In <>,
Michael Gordon <> wrote:

> This is a real good explanation of the question about the different 
> formats for the URL.
> In either case SeaMonkey and other web browsers will look for the 
> default home page file which can have the following extensions: index 
> .htm, .html, .shtml.

The browser won't do that.  By default, servers are configured to look
for index.htm, index.html, &c., but if a server is configured not to
look for them, the browser won't do that on its own.

E.g., <> (or <>) should
give a 403 error even though <>
exists;  the browser shouldn't go looking for the index.htm file.

> In the case without the "/" and on an Apache web server if the 
> configuration file contains an instruction to not index the
> directory, if the index.html file is not found the server will return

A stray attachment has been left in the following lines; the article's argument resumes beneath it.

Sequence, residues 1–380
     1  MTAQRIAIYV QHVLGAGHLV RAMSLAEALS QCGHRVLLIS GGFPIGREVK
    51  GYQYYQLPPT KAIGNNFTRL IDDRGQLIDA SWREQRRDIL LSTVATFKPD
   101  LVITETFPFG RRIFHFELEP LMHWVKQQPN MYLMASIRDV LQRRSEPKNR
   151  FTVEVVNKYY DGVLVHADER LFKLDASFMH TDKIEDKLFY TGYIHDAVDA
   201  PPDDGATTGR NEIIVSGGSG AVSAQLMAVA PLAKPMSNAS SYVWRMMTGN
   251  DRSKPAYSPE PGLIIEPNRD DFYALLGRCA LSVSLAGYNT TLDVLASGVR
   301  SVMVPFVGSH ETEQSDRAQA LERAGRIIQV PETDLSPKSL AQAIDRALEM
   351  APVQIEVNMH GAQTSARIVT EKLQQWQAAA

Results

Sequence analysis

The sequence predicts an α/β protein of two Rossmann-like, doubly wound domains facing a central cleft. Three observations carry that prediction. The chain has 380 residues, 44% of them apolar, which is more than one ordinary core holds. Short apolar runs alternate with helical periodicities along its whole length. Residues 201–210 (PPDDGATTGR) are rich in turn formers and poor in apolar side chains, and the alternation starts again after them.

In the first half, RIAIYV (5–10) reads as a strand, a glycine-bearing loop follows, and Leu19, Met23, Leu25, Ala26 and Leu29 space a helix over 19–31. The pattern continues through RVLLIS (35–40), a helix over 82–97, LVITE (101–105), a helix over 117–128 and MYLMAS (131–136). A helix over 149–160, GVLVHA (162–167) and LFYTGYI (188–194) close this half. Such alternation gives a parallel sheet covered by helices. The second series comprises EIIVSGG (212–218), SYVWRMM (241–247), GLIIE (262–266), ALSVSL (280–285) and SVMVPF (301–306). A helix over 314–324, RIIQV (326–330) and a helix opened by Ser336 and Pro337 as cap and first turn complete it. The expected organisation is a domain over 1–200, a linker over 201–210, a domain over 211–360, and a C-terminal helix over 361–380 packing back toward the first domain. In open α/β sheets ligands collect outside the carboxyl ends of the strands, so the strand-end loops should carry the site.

> either a Forbidden error, or Page Not Found.

The server should give the 403 error whether or not there was a
trailing / in the request.

> In the case with the "/" the web browser will drill down the list of 
> directories until it finds an index file, if none is found return a
> Page Not Found error.

If indexing is turned off, how could the browser get the list of
subdirectories to drill though?  And if indexing is turned on, the
browser will just display the directory's index.

     Kleeneness is next to Gödelness.

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